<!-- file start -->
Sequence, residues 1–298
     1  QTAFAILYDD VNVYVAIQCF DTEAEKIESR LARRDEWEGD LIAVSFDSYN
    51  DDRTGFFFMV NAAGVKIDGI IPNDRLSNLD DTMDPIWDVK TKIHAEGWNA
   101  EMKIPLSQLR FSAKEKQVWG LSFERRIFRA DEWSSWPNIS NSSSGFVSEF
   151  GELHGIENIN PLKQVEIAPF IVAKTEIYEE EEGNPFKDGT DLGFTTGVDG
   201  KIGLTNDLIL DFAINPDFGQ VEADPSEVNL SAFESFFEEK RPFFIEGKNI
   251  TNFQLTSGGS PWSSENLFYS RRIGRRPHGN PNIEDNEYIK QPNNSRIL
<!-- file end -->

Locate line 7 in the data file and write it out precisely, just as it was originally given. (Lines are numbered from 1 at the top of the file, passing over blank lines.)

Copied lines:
   251  TNFQLTSGGS PWSSENLFYS RRIGRRPHGN PNIEDNEYIK QPNNSRIL